Once for a Millennium
The federal government’s Millennium Bursary may be undergoing some changes and the federal government is attempting to consult with Canadians on what they want to do with this $285 million dollars that is awarded each year.
If you want your say on where that money can go, you can start by going to this site: http://bm-ms.e-consultation.ca/ (http://bm-ms.e-consultation.ca/) and reading through some of the materials there. Don’t worry if you don’t want to let them know who’s talking, they’ve thoughtfully provided means to make your comments anonymously, though of course I expect anonymous comments will carry less weight.
Most importantly, the government is looking for stories and ideas about where the focus of the Millennium Bursary should be – should it stay with high need students, and should it focus on increasing the amount of assistance allowed, reducing debt, or something else? Should it focus on students that come from low incomes only, or should it consider those students who may be in need even if income isn’t that low. (A situation which may apply to many an Athabasca University student who works full-time and is trying to get their degree done. An extra bursary might enable them to cut back a bit on work hours and concentrate more on school.)
At any rate, it’s certainly a chance for us to press home to the government the problems with the current system and massive student debt loads.
Students’ Union gets Federal Funding
The Students’ Union at the University College of Cape Breton has, with the help of the federal government (http://www.ecbc.ca/e/newsreleases/20040504b.asp), started the Student Employment and Entrepreneurial Centre offering skills training for students. The total cost of the centre is expected to be about $667,100, and the federal government is chipping in almost $264,000 of that through the Enterprise Cape Breton Corporation, a federal corporation devoted to advancing the economy of Cape Breton and Nova Scotia.
The centre will have some programs specifically targeting the needs of aboriginal youth, but will also encompass a wide variety of other programs from opportunity identification to legal issues, and will use methods including “experiential learning, self-directed focused study, skills development, and individualized support and coaching.”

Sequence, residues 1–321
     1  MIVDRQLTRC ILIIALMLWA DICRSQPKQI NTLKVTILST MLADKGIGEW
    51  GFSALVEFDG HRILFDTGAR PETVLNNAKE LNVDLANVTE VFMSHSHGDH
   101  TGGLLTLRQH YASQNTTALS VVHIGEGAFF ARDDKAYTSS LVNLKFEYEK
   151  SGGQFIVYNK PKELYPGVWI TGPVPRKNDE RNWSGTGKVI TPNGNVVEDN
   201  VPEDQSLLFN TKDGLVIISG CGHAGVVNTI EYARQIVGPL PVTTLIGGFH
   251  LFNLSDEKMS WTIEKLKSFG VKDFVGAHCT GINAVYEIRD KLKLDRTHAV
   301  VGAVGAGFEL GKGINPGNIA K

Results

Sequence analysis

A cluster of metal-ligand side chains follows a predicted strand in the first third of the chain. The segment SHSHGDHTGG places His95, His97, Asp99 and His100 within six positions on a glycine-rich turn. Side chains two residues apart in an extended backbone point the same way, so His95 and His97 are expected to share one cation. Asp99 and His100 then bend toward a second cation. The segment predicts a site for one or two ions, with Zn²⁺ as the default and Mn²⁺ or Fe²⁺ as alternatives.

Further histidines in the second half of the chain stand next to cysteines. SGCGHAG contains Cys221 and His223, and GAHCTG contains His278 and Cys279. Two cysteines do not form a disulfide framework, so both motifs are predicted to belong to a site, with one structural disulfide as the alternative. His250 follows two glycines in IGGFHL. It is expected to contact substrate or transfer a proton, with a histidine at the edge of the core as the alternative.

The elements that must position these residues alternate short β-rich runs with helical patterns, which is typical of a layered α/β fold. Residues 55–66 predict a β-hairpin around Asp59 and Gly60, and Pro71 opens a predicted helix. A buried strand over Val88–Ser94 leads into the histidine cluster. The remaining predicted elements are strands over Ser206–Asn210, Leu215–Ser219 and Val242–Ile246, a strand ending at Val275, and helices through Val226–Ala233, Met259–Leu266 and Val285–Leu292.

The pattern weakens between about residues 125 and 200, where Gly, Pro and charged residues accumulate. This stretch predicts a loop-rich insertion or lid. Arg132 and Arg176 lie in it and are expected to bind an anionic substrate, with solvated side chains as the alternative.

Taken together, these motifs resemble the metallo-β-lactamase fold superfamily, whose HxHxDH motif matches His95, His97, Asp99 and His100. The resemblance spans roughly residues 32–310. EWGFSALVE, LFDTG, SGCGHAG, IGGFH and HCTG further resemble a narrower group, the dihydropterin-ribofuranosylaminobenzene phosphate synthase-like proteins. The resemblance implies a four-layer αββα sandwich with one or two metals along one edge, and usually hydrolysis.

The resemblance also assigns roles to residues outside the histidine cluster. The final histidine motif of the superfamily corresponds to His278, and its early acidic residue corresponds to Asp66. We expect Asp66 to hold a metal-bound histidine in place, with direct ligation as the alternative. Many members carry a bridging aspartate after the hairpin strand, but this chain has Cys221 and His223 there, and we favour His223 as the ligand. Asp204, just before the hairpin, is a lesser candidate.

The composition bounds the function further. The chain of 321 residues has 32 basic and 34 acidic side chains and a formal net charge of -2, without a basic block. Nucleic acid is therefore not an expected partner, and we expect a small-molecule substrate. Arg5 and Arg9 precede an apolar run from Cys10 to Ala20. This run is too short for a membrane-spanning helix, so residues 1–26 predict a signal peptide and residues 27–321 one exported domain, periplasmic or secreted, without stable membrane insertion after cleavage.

I wish the UCCB Students’ Union much luck and encouragement in getting this thing going. That’s an awful lot of student money going into it.
Athabasca University Gains New Board Chair
Learning Minister Dr. Lyle Oberg has appointed (http://www.gov.ab.ca/acn/200405/16392.html) a new chair to the Athabasca University Governing Council. This is the body that oversees the direction and goals of Athabasca University as a whole and is the group ultimately responsible for any policy changes. The new appointee is Mr. David J. Burnett (http://www.athabascau.ca/presoff/augc_new/indexrevised.htm#davidphoto), a chartered accountant and previous president of NorTerra Inc., who was previously the vice-chair of the Governing Council. Mr. Burnett was a member of the Edmonton Chamber of Commerce and has also worked with Habitat for Humanity, Scouts Canada, the Edmonton Boys Choir, and the Duke of Edinburgh Awards program.
Of course, I wouldn’t be me if I didn’t have something to worry about, and in this case it’s the fear that part of the reason for the appointment was because of Mr. Burnett’s strong background in private industry and the monetary focus that must come from being a chartered accountant. As a student, I’m hoping that his service and charitable background will balance that out.
A native Calgarian, Karl is perpetually nearing the completion of his Bachelor of Arts with a Major in Information Studies. He also works for the Computer Sciences Virtual Helpdesk for Athabasca University and plans to eventually go on to tutor and obtain his Master’s Degree.